Maybe it’s because they share a name and profession, but when iconic Canadian singer-songwriter Gordon Lightfoot passed away on May 1st of this year, James Gordon’s phone started to ring with fans asking if there would be a Guelph tribute and would he be organizing it.
To James, the number of inquiries and the outpouring of affection and grief over Lightfoot helped him to understand the full extent of the impact that the great Canadian had on so many.
At the same time, James has been working hard on a major advocacy project that he is co-ordinating: The Tumaini Letu DRC Project, so he has initiated the tribute as a fundraiser for this important cause.
The Project came about after James visited Africa earlier this year and heard of the plight of a village in the Congo that has no water, limited food, no health care or education, and a dangerous political environment. From his experience as an activist and a former Guelph City Councillor, he’s been able to create partnerships and plans that, with adequate funding, will bring much needed relief to this village in crisis. More info about this project can be found at https://jamesgordon.ca/the-tumaini-letu-drc-project .
Gordon, (the James one)- was thrilled with the number of local musicians and volunteers who have come together to make ‘Minstrel Of The Dawn’ a great concert experience, a good way to support a cause, and a fitting celebration of a songwriter who was a big influence on James’ career and the career of two generations of Canadian writers and performers.
With so many local Guelph musicians volunteering their services, the tremendous impact Lightfoot had on the Canadian music scene became even more obvious. James’ own story is typical:
“Lightfoot was accidentally the first folk singer I saw live. I was just 10 years old- I was at the CNE in Toronto. Most kids would be spending their time in the Midway or the food building. I came across this guy with a guitar singing to a modest crowd at the Bandshell in the early afternoon and I was transfixed. The performer seemed to be speaking directly to me in a language that felt new. I didn’t know who he was, and it turned out that Lightfoot was just starting to break through into the mainstream with radio, mostly with other artists covering his songs, like Ian and Sylvia and ‘Peter, Paul and Mary’. A few days after that, I heard “Early Morning Rain” on the radio and I realized that it was the same guy I had seen at the ‘Ex’. Without really knowing it- this changed my life. I didn’t know it was called ‘folk music’ or ‘singer-songwriter’- I just knew I wanted to do that. And as luck would have it.. more than 50 years after that first encounter, I’m still doing it, still touring, still writing songs that might not exist if Gord hadn’t paved the way. When people ask what kind of music I play, and I answer ‘folk music’- invariably they reply- “Oh, you mean like Gordon Lightfoot?” He was the architect of Canadian Roots Music!”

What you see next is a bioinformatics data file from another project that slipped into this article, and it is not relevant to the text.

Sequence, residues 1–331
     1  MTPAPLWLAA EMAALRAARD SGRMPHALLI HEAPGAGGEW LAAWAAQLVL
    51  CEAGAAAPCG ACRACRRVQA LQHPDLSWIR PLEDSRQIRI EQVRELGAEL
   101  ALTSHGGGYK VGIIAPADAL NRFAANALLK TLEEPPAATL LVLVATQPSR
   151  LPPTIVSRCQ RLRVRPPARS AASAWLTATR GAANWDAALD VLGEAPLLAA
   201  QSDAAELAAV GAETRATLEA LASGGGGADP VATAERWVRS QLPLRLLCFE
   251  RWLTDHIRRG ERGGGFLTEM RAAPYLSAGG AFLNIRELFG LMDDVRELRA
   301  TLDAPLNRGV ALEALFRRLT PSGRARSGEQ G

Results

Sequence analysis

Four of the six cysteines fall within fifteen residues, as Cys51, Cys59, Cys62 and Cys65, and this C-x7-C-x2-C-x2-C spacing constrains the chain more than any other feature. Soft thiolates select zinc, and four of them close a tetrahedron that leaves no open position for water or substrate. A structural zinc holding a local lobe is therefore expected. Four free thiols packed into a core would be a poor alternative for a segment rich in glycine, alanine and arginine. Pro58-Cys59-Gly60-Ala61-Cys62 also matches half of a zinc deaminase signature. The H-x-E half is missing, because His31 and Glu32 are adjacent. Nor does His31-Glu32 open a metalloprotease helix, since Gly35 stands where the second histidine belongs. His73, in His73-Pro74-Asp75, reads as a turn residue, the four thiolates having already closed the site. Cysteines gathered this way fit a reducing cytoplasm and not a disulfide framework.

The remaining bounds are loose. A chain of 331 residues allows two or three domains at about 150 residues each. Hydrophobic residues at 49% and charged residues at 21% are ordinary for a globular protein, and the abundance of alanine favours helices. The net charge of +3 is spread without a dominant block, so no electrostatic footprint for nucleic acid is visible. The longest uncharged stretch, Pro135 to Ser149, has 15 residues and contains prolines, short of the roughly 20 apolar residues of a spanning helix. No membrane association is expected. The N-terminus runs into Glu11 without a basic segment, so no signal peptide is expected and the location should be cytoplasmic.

Performers at the tribute include James himself along with Guelph-based performers Gayle Ackroyd, Greg Denton, Grant Campbell, John Farley, Brenda Lewis, Harri Palm, Preetam Sengupta and Hellion Ton, along with some great back-up musicians.
The concert is presented at Harcourt Church on Dean Ave. In Guelph, attendees of the concert will be pleased to see the efforts the church has made to make their sanctuary a welcoming performance venue.
Tickets are available in advance at https://www.eventbrite.ca/e/minstrel-of-the-dawn-a-tribute-to-gordon-lightfoot-tickets-634883201747 or at the door.